Is software the new frontier for the Automotive-turned-Mobility Sector?

Type de publication:

Conference Paper

Source:

Gerpisa colloquium, Detroit (2022)

Mots-clés:

design capacities, industry architecture, mobility industry, Software

Résumé:

The global automotive industry is deeply and firmly committed to a transition to carbon-free mobility. But electrification is proving to be the first step in an even deeper transformation of this industry. What most of the new entrants in the pure electric car sector, such as Tesla, NIO, and Xpeng, have in common, besides the fact that they only offer battery electric vehicles, is that they leverage an innovative software architecture that potentially allows them to outpace incumbents. When Foxconn recently presented “three self-developed electric vehicle models”, its promotion of the performance of these (still prototype) vehicles was less noteworthy than its goal of “…transforming itself into a software-driven enterprise for the future.”
Common to all of these examples is the ambition to start with the software (i.e. a vehicle operating system) and to build the hardware around it, i.e. aiming for Firmware Over The Air (FOTA), wide connectivity to almost everything, and autonomous driving to be native functions of these vehicles, with AI and machine learning being applied throughout. While incumbent OEMs have, so far, taken a function-by-function approach to developing software, these newcomers are attempting to turn the potential handicap of starting from scratch into a major advantage, namely a more open and scalable software and hardware architecture.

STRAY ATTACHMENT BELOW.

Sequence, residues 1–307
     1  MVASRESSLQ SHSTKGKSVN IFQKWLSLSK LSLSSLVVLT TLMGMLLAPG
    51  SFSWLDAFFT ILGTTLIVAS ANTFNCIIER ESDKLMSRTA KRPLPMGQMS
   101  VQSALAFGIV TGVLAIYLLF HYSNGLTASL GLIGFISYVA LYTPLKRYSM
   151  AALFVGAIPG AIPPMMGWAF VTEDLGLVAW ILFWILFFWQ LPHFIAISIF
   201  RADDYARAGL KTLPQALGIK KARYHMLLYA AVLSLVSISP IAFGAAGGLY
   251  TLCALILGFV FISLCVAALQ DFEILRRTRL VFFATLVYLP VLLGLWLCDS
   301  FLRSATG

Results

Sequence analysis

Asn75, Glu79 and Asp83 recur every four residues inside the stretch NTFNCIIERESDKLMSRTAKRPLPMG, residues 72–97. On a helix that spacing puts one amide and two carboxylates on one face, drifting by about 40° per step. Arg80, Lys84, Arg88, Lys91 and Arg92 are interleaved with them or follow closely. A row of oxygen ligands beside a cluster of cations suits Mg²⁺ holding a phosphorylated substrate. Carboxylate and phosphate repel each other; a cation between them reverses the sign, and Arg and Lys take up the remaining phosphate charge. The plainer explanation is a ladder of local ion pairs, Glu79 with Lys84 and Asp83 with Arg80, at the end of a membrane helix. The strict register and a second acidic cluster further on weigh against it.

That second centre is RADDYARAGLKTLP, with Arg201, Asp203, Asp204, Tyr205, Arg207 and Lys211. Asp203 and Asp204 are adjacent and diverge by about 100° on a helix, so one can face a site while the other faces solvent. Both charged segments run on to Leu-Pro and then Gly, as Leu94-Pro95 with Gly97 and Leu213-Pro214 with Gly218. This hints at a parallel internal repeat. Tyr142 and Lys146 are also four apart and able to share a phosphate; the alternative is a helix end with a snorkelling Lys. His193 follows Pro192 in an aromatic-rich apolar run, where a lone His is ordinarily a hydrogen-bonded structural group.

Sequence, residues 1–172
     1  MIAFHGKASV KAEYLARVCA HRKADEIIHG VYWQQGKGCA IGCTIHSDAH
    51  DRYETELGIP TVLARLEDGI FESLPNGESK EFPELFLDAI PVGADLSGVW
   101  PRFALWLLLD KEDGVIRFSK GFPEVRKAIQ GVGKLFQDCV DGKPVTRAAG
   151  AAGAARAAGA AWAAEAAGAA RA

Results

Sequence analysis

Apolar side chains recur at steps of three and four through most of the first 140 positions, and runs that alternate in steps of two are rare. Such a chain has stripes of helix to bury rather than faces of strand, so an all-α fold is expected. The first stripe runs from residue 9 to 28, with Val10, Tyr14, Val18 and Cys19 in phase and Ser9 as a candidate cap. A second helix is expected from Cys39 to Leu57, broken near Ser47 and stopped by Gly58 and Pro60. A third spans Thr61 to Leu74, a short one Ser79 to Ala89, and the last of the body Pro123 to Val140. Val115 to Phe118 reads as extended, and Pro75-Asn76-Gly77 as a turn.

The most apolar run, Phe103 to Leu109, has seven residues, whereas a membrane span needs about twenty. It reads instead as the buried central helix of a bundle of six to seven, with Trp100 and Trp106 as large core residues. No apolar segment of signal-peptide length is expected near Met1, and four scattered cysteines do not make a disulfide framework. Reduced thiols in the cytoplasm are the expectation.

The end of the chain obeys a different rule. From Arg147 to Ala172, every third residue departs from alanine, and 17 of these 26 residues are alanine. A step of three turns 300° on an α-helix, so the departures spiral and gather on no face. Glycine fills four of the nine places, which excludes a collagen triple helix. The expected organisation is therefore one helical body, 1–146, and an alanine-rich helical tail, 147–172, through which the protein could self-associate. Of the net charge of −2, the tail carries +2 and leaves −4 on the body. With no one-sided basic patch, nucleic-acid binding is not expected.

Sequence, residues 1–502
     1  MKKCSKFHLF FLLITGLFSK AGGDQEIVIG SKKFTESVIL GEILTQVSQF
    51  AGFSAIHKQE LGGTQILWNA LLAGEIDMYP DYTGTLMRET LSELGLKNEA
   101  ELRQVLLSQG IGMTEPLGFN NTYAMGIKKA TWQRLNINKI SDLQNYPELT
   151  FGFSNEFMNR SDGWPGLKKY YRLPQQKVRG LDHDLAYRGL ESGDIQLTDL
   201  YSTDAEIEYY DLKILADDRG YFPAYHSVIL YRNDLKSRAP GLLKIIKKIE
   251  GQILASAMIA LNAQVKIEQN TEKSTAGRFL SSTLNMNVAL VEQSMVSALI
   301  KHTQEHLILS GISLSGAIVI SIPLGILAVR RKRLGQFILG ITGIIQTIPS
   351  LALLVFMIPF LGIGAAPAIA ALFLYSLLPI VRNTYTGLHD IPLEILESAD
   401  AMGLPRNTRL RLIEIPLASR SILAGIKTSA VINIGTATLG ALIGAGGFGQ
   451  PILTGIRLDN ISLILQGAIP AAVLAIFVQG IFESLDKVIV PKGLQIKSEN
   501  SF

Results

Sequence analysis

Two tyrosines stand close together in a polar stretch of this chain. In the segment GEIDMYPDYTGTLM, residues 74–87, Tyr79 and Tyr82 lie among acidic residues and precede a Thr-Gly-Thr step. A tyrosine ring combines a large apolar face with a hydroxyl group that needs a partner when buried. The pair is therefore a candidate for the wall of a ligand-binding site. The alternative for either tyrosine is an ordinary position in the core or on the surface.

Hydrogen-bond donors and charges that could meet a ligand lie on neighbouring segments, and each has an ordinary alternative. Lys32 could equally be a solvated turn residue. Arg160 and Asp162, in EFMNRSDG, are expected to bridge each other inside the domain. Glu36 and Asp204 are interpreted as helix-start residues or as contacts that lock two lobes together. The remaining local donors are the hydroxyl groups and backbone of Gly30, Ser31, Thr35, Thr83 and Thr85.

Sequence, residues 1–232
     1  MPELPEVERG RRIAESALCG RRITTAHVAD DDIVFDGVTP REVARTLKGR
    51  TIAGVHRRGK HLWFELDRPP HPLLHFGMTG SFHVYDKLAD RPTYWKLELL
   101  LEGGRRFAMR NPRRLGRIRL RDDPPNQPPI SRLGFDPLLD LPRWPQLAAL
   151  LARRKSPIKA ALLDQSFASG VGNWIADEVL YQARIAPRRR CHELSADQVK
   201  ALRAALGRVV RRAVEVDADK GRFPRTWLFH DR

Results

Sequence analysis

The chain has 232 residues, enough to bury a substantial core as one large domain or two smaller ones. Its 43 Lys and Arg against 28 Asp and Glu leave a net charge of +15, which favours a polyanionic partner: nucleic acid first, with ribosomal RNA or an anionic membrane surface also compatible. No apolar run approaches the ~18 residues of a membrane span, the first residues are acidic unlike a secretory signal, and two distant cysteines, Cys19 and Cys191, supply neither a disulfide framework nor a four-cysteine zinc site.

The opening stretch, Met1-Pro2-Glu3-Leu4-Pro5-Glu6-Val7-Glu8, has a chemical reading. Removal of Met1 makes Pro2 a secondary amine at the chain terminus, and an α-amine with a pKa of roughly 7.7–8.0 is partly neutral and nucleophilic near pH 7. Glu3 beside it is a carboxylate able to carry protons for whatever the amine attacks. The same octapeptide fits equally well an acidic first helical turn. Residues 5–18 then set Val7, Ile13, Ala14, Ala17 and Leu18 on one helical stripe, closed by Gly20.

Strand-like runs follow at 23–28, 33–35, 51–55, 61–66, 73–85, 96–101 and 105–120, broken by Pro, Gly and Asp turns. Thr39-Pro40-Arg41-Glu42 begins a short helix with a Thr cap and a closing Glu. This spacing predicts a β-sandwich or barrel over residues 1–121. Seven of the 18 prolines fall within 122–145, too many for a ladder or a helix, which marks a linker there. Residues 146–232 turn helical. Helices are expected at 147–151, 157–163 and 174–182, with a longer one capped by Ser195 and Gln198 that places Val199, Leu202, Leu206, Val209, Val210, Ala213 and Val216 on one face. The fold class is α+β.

This software revolution, as it unfolds in the automotive industry, will have very significant impacts on design capabilities and industry organization. Will incumbents be able to develop the capabilities to compete in software-centric mobility as they have, so far, been able to do with electrification?
Connected, Automated, Shared and Electric Vehicles (CASE) have, in fact, become the new frontier for the automotive industry. Beyond the costly R&D required to develop this new generation of vehicles, the crucial challenge is that the automobile is no longer the top-level system but a component, albeit a major one, of the new mobility systems. This implies that the vehicle must be connected to its direct environment, i.e. the road infrastructure, but also other vehicles, pedestrians, the home, the power grid, etc., as well as the front and back ends of mobility services. In other words, the vehicle is deeply integrated into a mobility services architecture. Expanding on a presentation made by T.Fujimoto and JP.MacDuffie at "The new mobility" conference held in November 2018 in Tokyo, we build an analytical framework consisting of four layers: the low ground (i.e., the road infrastructure), the ground (the vehicle), the low sky - all the connections between the vehicle and its environment - and finally the high sky, where the mobility services are located.